The last entertainers to win the league, I hate to say, was the RVP revamped United who took Fergie to his final title.

I watched that Arsene Wenger documentary the other day and had actually forgotten just how good the invincibles were, of how football could be played when a teams attacks at breakneck speed.

In such uninspiring times for football – can we really be surprised by such an uninspired choice for Ballon D’Or winner?
Graham Simons, Gooner, Norf London

 

A few thoughts
I’m very much enjoying the seasonal bleatings over the ‘benching Ronaldo’ nontroversy and the Ballon d’…ordinary?

The way I see it, with the BDO you had three great players – Benzema, Messi, Lewandowski – with very little to choose between them. Lewandowski deserves an honourary BD’O for last year, but this isn’t the Golden Shoe and getting injured for the Champs League knockouts (and playing for Poland) definitely hampered his case this year.

But I don’t think any of the three winning would have been controversial.

There were shades of ‘The Daily Mail’s ‘The best players in the world (and Xavi)’ headline in Jason Soutar’s recent piece which seems to suggest that the BD’O should be calculated using goal and assist stats alone. It’s nonsense of course, and is part of the reason why Keane, Makelele and Modric can still genuinely be called underrated. It’s the sort of logic that values Marek Citko above Beckenbauer.

Like Messi winning this year, I don’t know if Modric fully deserved the BDO the year he won but if you don’t ‘get’ Modric then you don’t ‘get’ football. Modric is the sort of player that any footballer at any level on the planet – from those in my 5-a-side game to those in a roaring Anfield – would want to be on the same team as. He’ll run hard, he’ll run smart and he comes with a guarantee that he’ll always find a pocket of space to receive the ball and you’ll always get the ball back, perfectly delivered to a much better position than you passed it to him in.

He’s creative but he’s completely low maintenance.

Sure his post BDO season was a disappointment, but otherwise he’s been consistently brilliant for the best part of a decade. Like Kante he can be the best defensive player on the pitch and the one that gives his team the most attacking impetus.

As for the ‘dropping’ of Ronaldo. A bit of history here.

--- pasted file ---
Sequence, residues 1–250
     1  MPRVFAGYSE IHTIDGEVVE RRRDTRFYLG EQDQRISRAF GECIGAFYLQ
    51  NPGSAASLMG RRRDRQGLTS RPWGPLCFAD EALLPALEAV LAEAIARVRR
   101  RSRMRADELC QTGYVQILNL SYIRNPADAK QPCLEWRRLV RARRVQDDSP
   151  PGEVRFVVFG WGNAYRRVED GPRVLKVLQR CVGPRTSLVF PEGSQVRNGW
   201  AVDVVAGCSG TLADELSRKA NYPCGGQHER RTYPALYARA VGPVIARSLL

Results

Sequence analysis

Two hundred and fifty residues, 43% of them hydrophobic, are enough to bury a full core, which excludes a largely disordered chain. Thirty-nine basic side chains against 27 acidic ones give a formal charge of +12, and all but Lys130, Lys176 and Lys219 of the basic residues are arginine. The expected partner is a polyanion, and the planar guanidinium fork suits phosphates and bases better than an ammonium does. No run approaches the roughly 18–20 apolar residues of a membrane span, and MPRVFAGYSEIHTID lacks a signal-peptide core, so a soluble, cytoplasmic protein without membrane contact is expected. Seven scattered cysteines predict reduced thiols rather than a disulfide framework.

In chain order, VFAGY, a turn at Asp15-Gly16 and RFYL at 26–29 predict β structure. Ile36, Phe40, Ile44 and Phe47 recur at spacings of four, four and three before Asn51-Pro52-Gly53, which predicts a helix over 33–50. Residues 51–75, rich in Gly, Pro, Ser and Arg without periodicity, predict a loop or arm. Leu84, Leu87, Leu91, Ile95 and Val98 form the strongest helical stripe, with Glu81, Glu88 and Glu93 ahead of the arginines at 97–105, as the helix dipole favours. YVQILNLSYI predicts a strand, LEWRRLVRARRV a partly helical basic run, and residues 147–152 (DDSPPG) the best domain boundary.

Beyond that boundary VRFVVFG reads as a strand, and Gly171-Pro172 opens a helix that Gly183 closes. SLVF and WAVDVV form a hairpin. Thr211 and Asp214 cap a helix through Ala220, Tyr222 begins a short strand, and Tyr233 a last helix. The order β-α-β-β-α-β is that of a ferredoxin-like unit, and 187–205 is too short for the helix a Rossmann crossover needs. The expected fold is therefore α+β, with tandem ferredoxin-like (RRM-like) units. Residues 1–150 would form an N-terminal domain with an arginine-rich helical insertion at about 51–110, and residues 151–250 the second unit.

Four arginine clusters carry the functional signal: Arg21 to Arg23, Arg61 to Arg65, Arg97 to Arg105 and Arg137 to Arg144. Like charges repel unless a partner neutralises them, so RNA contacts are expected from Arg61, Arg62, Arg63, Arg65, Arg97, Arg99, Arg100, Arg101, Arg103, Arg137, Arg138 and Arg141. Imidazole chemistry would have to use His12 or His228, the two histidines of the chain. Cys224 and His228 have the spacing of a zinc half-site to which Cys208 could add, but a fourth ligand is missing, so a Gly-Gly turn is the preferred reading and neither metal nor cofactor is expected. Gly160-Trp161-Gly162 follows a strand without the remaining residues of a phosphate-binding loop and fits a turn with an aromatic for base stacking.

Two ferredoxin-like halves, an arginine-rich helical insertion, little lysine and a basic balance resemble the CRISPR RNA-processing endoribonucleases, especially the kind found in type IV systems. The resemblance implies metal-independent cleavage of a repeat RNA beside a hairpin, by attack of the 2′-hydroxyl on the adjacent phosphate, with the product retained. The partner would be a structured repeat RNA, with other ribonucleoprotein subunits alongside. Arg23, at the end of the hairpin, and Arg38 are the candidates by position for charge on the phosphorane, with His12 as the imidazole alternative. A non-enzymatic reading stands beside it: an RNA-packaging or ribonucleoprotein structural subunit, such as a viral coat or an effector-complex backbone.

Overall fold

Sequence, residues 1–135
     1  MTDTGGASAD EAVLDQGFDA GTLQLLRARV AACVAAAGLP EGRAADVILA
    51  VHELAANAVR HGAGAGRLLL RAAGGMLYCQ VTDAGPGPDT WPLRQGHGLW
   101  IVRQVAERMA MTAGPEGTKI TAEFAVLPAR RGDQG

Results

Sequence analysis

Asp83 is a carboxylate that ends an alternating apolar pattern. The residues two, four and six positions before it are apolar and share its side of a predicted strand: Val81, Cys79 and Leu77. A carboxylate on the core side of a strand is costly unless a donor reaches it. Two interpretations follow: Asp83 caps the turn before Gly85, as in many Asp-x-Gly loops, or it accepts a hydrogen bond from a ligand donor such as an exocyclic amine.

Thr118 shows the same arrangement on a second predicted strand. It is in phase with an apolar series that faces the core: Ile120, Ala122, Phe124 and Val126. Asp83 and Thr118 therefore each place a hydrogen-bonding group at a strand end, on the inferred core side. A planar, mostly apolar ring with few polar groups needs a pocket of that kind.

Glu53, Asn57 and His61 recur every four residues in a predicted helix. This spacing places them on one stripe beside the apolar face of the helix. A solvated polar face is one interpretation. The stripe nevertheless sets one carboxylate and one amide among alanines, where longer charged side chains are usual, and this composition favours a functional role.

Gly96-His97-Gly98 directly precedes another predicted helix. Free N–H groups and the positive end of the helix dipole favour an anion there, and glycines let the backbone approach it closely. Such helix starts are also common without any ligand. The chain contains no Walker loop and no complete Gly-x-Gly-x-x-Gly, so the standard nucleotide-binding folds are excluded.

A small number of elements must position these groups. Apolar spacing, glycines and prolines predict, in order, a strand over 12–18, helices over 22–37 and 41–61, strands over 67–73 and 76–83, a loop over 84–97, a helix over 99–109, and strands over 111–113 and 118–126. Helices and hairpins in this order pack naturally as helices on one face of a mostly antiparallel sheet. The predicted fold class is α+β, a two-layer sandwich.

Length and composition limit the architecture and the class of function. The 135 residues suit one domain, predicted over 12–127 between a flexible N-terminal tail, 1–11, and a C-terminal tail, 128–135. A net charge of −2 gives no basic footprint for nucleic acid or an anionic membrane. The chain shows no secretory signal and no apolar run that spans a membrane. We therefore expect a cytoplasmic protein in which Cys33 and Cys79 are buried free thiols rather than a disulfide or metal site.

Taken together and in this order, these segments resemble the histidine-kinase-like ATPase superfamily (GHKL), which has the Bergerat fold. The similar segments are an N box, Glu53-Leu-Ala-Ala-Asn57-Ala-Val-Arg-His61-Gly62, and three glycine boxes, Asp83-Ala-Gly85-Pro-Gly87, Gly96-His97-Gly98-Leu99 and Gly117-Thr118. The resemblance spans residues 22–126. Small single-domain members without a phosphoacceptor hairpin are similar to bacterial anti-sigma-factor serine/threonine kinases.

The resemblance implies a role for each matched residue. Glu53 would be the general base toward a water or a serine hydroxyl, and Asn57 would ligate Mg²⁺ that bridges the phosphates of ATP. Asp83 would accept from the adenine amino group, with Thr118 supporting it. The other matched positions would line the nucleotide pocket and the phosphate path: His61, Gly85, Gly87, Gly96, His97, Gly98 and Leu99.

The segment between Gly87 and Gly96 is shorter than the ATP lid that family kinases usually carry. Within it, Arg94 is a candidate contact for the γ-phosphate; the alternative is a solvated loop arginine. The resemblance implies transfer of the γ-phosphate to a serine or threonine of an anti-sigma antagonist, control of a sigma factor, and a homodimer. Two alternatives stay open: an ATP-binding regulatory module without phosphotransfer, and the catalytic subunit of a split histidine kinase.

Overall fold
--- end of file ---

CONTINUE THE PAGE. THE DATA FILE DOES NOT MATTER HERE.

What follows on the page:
Zidane got the best out of him when Real had Morata to rotate with him. This is when they won their only league/champs league double, and it was also something Juventus attempted last season to individual if not collective success.

Basically, Zidane was ‘benching’ Ronaldo five years ago.

Play Ronaldo twice a week every week and you won’t get the best out of him. Save him for the games that matter and you will, even at this age. Perhaps Fernandes or a fit Cavani can be cast in the role of Morata?

Ultimately, the guy has incredibly high standards and – unlike when he was at Juve – wants nothing but the best for this club. Perhaps having him on the sidelines occasionally to rally the team (like during the Euro 2016 final) might do some good.
Quarantino, Chairman of the Bored, ITFC 

 

FPL memories
Midweek Premier League football is back, exclusively on Amazon which I had forgot had bought up that extra package of live games, anyway I thought after two games yesterday evening that were not the most thrilling that I’d pose a question to the mailbox to set up a decent discussion especially after Teemu Pukki scored a classic.

So what are your fondest memories of Fantasy Premier League? Are there any particular seasons that stand out for you, which FPL legends do you have a soft spot for that banked you a tonne of points but never really lit the League alight after that one good season?
The Admin @ At The Bridge Pod

 

Justice for Vera and Salomon Rondon
Would just like to offer a counter argument to Paul McDevitt: Jonathan Wilson’s books and broader writing are obviously excellent, but on top of that there are many who find him the most entertaining and humorous bloke when on podcasts by the ‘Ramble or the Guardian. He’s definitely not boring to listen to. The opposite of.

More genuinely funny voices like that please. Like him and Pat Nevin and less of those that clearly consider themselves humourous and have the wit of your boring uncle who works in sales. 
Tom (not Jonathan Wilson, promise) G